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The Working From Home Killer Tip No One Is Talking About.

Phil Bennett Posted by Phil Bennett in Uncategorized 2 min read

Everyone is talking about their great tips for ‘Working From Home’ but there is one killer tool we’re not talking about.

I avoided for a long time jumping on the bandwagon and writing a post about working from home in the ‘new normal’. It’s been done to death, and I didn’t feel I could add anything beyond:

Wash and put on some pantaloons.

Must... Drop.. Pantaloons

But for me, there have been two lifesavers during this time of enforced working from home. Track-pants and Animated GIFs.

The first of these has been a revelation for me. I’m not sure how I’m going to readjust to ‘hard trousers’ when I get back to the office.

Wrong Trousers

The Importance of the Animated Graphics Interchange Format! Animated GIFs, however, have been my favourite communication tools for ages, and it feels that maybe people are catching on to their benefits of them in a work environment.

For many years I had been derided by peers for my unprofessional overuse of GIFs and Emojis. When I tried to introduce Slack to a company a few years ago, I almost got fired for the chaos that ensued when I implemented the GIPHY integration into the platform.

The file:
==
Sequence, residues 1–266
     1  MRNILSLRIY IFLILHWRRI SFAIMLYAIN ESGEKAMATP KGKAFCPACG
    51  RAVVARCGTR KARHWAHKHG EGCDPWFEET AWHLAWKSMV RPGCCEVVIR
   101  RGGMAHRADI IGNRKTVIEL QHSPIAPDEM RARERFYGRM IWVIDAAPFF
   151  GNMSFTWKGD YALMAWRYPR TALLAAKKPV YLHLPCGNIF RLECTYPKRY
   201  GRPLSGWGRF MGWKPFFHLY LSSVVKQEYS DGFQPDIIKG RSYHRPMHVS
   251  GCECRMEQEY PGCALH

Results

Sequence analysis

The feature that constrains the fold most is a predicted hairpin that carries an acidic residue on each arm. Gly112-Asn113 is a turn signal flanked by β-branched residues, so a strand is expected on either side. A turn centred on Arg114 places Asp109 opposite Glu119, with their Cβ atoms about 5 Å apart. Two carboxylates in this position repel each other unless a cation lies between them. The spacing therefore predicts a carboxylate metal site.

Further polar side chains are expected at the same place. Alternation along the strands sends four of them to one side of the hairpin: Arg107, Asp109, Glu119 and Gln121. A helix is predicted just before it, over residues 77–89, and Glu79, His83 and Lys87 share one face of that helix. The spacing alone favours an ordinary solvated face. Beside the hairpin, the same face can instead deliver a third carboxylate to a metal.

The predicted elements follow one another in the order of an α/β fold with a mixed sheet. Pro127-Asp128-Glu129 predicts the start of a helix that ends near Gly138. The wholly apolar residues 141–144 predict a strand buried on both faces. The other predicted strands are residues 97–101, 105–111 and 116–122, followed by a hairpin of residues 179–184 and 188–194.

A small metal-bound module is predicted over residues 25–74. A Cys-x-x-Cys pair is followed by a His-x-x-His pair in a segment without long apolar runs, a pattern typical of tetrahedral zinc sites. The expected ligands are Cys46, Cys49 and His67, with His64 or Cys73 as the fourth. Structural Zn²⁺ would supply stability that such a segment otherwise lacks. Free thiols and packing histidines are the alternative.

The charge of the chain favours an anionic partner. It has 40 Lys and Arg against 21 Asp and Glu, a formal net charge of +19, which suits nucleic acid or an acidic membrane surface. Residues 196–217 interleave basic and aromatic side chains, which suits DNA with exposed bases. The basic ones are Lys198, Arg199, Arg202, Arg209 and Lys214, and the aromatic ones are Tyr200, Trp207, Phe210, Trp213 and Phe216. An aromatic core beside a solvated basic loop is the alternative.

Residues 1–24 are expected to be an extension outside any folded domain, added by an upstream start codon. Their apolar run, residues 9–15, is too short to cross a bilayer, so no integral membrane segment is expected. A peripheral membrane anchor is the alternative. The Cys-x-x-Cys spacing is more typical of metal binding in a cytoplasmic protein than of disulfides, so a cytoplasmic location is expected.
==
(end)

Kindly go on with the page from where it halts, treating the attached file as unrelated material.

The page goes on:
You're fired

But in all seriousness, GIFs solve a severe problem of the modern workplace. GIFs are the body language and tone of voice of online communications.

The Missing Communication Tools. When we communicate in person, only a small amount of the message that we deliver is from the word that you use. Some studies even suggest it’s as low as 7%. The rest is made up by your body language and the tone of voice that you are using.


When we communicate via written communications, you lose both of those things. It’s so much harder to understand the real feeling when reading text that talking to someone face to face.

Well Done! The explosion of GIFs in the last 10-15 years is testament to their powerful ability to put a tone of voice back into online communication. From a technical point of view, they’re a terrible inefficient form of communication. Yet they are still a significant part of internet communications.

But they work. If you’re not convinced, then here’s an example. If you had a significant achievement at work, which of the following would you prefer to receive as feedback?

Well Done!


Well Done 👏🏾


The Rock Clapping

Case closed, use GIFs.

Mic Drop